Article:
Sunday, 6 March 2016


**A synthetic fibre is also a chain of small units joined together. Each small unit is actually a chemical substance. Many such small units combine to form a large single unit called a polymer.
**Cotton, for example, is a polymer called cellulose. Cellulose is made up of a large number of glucose units.
**silk fibre obtained from silkworm was discovered in China
**Although rayon is obtained from a natural source, wood pulp.
**Nylon, it was made without using any natural raw material (from plant or animal). It was the first fully synthetic fibre.
**Polyester (Poly+ester) is actually made up of the repeating units of a chemical called an ester. Esters are the chemicals which give fruits their smell. Fabrics are sold by names like polycot, polywool, terrycot etc. As the name suggests, these are made by mixing two types of fibres. Polycot is a mixture of polyester and cotton. Polywool is a mixture of polyester and wool.
**Many of these are actually not made from natural wool, though they appear to resemble wool. These are prepared from called acrylic.
**synthetic fibres melt on heating. This is actually a disadvantage of synthetic fibres. If the clothes catch fire, it can be disastrous.
**All the synthetic fibres are prepared by a number of processes using raw materials of petroleum origin, called petrochemicals.
**plastic which gets deformed easily on heating and can be bent easily are known as thermoplastics. Polythene and PVC are some of the examples of thermoplastics.
**plastics which when moulded once, can not be softened by heating. These are called thermosetting plastics. Two examples are bakelite and melamine. Bakelite is a poor conductor of heat and electricity. Melamine is a versatile material. It resists fire and can tolerate heat better than other plastics.
**Teflon is a special plastic on which oil and water do not stick. It is used for nonstick coating on cookwares.
**Fire-proof plastics: Although synthetic fibre catches fire easily, it is interesting to know that the uniforms of firemen have coating of melamine plastic to make them flame resistant.
**Special plastic cookware is used in microwave ovens for cooking food. In microwave ovens, the heat cooks the food but does not affect the plastic vessel
**Serious diseases like polio and chicken pox are also caused by viruses. Diseases like dysentery and malaria are caused by protozoans whereas
typhoid and tuberculosis (TB) are bacterial diseases.
**Microorganisms may be single-celled like bacteria, some algae and protozoa, or multicellular, such as algae and fungi. Microorganisms like amoeba can live alone, while fungi and bacteria may live in colonies.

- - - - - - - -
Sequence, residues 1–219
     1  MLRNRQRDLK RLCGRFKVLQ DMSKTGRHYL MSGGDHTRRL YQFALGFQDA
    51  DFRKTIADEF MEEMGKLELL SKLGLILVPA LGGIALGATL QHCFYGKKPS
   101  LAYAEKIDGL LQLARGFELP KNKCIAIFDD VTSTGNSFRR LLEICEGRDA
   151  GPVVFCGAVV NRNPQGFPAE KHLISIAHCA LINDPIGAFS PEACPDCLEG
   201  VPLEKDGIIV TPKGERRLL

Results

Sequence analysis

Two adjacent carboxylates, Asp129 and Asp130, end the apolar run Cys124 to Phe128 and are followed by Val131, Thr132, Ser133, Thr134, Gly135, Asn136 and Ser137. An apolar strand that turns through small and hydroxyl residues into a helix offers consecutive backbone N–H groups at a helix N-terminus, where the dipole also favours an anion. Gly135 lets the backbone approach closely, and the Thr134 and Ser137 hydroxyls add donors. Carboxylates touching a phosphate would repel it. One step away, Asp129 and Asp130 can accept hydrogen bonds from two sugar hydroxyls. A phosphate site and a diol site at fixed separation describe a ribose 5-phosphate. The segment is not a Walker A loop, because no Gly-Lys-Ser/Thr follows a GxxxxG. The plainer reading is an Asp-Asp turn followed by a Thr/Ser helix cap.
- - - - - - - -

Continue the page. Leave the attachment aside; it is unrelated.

**the bacterium Lactobacillus promotes the formation of curd. It multiplies in milk and converts it into curd.
**process of conversion of sugar into alcohol is known as fermentation.
**Streptomycin, tetracycline and erythromycin are some of the commonly known antibiotics which are made from fungi and bacteria.
**Edward Jenner discovered the vaccine for smallpox in 1798.
**Anopheles mosquito, which carries the parasite of malaria. Female Aedes mosquito acts as carrier of dengue virus.
**Robert Köch (1876) discovered the bacterium (Bacillus anthracis) which causes anthrax disease.
**Foot and mouth disease of cattle is caused by a virus.
**Sodium benzoate and sodium metabisulphite are common preservatives.
**Rhizobium lives in the root nodules of leguminous plants
**In humans the sound is produced by the voice box or the larynx.
**The vocal cords in men are about 20mm long. In women these are about 5mm shorter. Children have very short vocal cords.
**The sound cannot travel through vacuum.
**Above 80 dB the noise becomes physically painful.
**naphthalene balls used to repel moths and other insects are also obtained from coal tar.
**The world’s first oil well was drilled in Pennsylvania, USA, in 1859. Eight years later, in 1867, oil was stuck at Makum in Assam.
**Due to its great commercial importance, petroleum is also called ‘black gold’.

Human Disease
Mode of
Preventive measures




Keep the patient in complete



isolation. Keep the personal
belongings of the patient away

Chicken Pox


from  those  of  the  others.
Vaccination  to  be  given  at
suitable age.

Cholera Typhoid

Bacteria Bacteria

Water/Food Water

Maintain personal hygiene and good sanitary habits. Consume properly cooked food and boiled drinking water. Vaccination.

Hepatitis B



Drink boiled drinking water. Vaccination.



Use mosquito net and repellents. Spray insecticides and control breeding of mosquitoes by not allowing water to collect in the surroundings.

Plant Diseases
Micro- organism
Mode of Transmission

Citrus canker



Rust of wheat


Air, seeds

Yellow vein mosaic of bhindi (Okra)



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